Dawn Pisturino's Blog

My Writing Journey

Be an Independent Thinker!

the-thinker

The Thinker by Rodin

In a world bombarded by information, where are the independent thinkers?

Where do the fresh, untarnished minds hang out?

Where does ORIGINALITY rear its beautiful head?

In a world deafened by conformity instead of individuality, the imaginative Creators of art, music, literature, and science are silenced under the dull roar of sameness, mediocrity, and

group think.

I will not be hampered by intimidation!

I will not be silenced by coercion!

I will not bow down to threats!

I will rise above the mundane crowd and be, above all,

AN INDEPENDENT THINKER!

Dawn Pisturino

February 7, 2017

Copyright 2017 Dawn Pisturino. All Rights Reserved.

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Native American Tattoos – A Short History

native-american-tattooMany Native American tribes across the United States practiced the art of tattooing for a variety of reasons: to mark special rites of passage, such as puberty; to identify other members of a clan; to scare off enemies; to express spiritual beliefs; to honor great achievements, such as bravery in battle; to provide magical protection and strength; and to mark certain leaders, such as the medicine man.

Tattooers used geometrical designs to represent celestial bodies, natural phenomena, and animals. A person receiving the tattoo of a turtle, for example, would expect to achieve a long, healthy life since turtles symbolized Mother Earth, water, life, and health.

Tattooing was a painful process, but many tribes believed that pain brought a person closer to the spirit world. Designs were cut, hand-tapped, or hand-pricked into the skin with sharp needles made of stone, bone, or other materials. Then dye was rubbed into the wounds.

Black dye could be made from soot or charcoal. Ochre mixed with clay produced a brownish-reddish hue. And blue came from indigo or other materials.

These tattoos became permanent markings on the skin that could be enhanced with temporary body paint, especially during time of war.

Dawn Pisturino

September 25, 2012

Copyright 2012-2015 Dawn Pisturino. All Rights Reserved.

(This short article was originally a sidebar on another history-related article.)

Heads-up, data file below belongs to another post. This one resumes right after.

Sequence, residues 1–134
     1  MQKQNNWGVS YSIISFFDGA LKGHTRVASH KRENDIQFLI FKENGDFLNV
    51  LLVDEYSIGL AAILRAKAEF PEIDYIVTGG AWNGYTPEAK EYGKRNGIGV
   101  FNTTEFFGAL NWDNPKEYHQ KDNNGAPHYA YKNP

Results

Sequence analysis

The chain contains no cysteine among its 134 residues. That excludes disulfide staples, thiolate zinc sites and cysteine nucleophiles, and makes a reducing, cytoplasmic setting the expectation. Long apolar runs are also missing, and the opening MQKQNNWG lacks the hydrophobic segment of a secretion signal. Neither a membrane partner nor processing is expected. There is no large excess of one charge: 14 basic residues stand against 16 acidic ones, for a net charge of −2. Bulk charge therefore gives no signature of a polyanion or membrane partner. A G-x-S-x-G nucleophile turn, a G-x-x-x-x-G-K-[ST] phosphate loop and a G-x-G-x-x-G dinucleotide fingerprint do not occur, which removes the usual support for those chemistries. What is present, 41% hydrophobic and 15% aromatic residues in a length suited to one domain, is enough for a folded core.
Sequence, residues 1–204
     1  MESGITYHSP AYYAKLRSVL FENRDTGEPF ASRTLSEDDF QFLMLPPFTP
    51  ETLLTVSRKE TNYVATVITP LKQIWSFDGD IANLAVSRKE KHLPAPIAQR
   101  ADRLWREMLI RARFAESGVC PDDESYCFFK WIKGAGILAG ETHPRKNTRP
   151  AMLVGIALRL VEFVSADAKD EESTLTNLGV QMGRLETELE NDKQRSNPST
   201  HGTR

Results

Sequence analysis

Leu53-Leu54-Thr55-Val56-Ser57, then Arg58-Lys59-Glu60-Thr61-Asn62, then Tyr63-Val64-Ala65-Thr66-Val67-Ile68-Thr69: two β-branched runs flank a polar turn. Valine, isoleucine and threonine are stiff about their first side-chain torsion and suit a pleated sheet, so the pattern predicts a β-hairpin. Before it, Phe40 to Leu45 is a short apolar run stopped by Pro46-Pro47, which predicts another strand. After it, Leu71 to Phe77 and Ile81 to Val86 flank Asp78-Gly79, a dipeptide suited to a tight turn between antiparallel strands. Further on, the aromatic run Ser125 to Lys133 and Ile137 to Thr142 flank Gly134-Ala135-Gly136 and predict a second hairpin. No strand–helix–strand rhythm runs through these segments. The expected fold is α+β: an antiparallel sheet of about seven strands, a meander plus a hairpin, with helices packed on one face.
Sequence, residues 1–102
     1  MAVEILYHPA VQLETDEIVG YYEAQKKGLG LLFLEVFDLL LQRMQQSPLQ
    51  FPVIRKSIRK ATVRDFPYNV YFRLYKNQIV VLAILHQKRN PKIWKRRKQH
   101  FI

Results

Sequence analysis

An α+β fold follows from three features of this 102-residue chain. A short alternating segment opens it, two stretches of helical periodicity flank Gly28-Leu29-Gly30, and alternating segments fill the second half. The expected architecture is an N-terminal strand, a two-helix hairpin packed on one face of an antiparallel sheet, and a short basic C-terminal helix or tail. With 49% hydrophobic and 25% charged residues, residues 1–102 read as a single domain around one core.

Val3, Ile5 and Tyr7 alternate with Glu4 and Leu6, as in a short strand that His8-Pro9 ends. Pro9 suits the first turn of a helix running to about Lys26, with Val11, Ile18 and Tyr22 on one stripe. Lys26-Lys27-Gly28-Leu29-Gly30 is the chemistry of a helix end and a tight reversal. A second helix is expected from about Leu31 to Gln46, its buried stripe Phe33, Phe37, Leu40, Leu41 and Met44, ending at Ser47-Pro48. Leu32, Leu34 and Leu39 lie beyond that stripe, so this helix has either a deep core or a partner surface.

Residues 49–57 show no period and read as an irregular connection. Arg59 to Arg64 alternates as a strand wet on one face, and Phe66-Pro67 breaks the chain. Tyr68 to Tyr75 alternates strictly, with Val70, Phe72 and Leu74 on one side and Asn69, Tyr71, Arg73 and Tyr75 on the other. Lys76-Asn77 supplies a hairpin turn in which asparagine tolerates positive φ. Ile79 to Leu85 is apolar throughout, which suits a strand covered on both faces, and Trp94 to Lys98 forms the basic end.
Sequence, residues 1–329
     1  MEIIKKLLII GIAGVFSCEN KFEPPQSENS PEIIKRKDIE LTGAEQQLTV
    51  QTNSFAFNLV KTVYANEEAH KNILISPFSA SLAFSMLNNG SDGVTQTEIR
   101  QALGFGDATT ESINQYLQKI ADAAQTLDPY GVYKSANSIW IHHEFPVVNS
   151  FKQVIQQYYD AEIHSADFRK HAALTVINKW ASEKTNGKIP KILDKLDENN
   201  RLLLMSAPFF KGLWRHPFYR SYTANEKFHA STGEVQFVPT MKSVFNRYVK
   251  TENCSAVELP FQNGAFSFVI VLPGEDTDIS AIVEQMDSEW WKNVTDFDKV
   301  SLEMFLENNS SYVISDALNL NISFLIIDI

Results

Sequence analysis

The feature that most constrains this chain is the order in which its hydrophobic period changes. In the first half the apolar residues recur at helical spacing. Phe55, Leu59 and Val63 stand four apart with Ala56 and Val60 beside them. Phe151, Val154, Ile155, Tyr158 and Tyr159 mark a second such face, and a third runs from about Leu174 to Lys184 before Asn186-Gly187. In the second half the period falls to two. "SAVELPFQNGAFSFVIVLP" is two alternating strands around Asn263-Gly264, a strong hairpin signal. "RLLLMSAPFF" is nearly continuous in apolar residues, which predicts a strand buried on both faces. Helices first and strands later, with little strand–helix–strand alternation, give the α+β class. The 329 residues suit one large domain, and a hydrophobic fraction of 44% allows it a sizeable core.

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Art by Rebekah Joy Plett FOR SALE!

Rebekah is a fantastic artist and the artistic director for Underneath the Juniper Tree.

this literary life

This is your chance to buy the stunning, grotesquely beautiful, insanely unique art of Rebekah Joy Plett. Rebekah’s art has been featured in several galleries in which the price is generally out of most people’s price range. So here is your chance to buy several of her paintings at a discounted price (NOTE* prices do not include packaging and shipping).

Take a look at the art and contact me at brianne.ogden@gmail.com if you are interested in purchasing. *Some prices are negotiable so feel free to email me with any questions.

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The Underneath the Juniper Tree Anthology is coming soon! Can’t wait!

this literary life

It’s moments like these that remind me why I work hard on my passions for no money and little recognition. Moments like these:

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It’s coming, friends. 

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Singing Versace

 

My daughter, lyric soprano Ariel Pisturino, was one of a few lucky singers who participated in a flash mob at the grand opening of the new Versace boutique in the Beverly Center Mall in Beverly Hills.

The singers had to dress and act like shoppers in the store. On cue, they began singing a well-known chorus from the opera “La Traviata.” They were given the red carpet treatment, the customers loved them, and Versace loved them. At the end of the evening, they received special gifts of cologne and perfume.

Ariel sang a couple of solo parts and got a lot of fine compliments. This was such a thrilling experience for her (and she got paid.) I hope she gets more gigs like this one!

And I hope the video ends up on YouTube so I can watch it.

This is my daughter’s website:  http://www.arielpisturino.com

Ariel Pisturino, lyric soprano

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